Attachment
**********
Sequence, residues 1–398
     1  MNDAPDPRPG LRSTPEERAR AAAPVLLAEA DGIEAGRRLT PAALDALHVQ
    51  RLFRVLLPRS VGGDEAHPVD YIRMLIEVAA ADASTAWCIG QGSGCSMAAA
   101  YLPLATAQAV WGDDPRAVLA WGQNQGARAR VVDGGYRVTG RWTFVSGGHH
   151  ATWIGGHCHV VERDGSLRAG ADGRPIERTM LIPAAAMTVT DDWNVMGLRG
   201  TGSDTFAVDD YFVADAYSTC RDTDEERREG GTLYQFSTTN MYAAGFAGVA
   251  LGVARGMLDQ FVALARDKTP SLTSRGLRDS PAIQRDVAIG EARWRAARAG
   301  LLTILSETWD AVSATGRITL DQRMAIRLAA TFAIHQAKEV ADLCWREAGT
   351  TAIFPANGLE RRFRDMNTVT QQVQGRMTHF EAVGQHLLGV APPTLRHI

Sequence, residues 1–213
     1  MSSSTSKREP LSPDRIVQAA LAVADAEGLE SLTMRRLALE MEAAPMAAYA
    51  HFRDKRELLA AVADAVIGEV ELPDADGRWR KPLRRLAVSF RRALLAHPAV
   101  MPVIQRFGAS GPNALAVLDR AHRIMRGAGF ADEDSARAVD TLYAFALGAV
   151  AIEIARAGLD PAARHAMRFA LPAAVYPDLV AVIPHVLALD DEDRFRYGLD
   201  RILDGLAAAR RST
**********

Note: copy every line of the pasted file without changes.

Sequence, residues 1–398
     1  MNDAPDPRPG LRSTPEERAR AAAPVLLAEA DGIEAGRRLT PAALDALHVQ
    51  RLFRVLLPRS VGGDEAHPVD YIRMLIEVAA ADASTAWCIG QGSGCSMAAA
   101  YLPLATAQAV WGDDPRAVLA WGQNQGARAR VVDGGYRVTG RWTFVSGGHH
   151  ATWIGGHCHV VERDGSLRAG ADGRPIERTM LIPAAAMTVT DDWNVMGLRG
   201  TGSDTFAVDD YFVADAYSTC RDTDEERREG GTLYQFSTTN MYAAGFAGVA
   251  LGVARGMLDQ FVALARDKTP SLTSRGLRDS PAIQRDVAIG EARWRAARAG
   301  LLTILSETWD AVSATGRITL DQRMAIRLAA TFAIHQAKEV ADLCWREAGT
   351  TAIFPANGLE RRFRDMNTVT QQVQGRMTHF EAVGQHLLGV APPTLRHI

Sequence, residues 1–213
     1  MSSSTSKREP LSPDRIVQAA LAVADAEGLE SLTMRRLALE MEAAPMAAYA
    51  HFRDKRELLA AVADAVIGEV ELPDADGRWR KPLRRLAVSF RRALLAHPAV
   101  MPVIQRFGAS GPNALAVLDR AHRIMRGAGF ADEDSARAVD TLYAFALGAV
   151  AIEIARAGLD PAARHAMRFA LPAAVYPDLV AVIPHVLALD DEDRFRYGLD
   201  RILDGLAAAR RST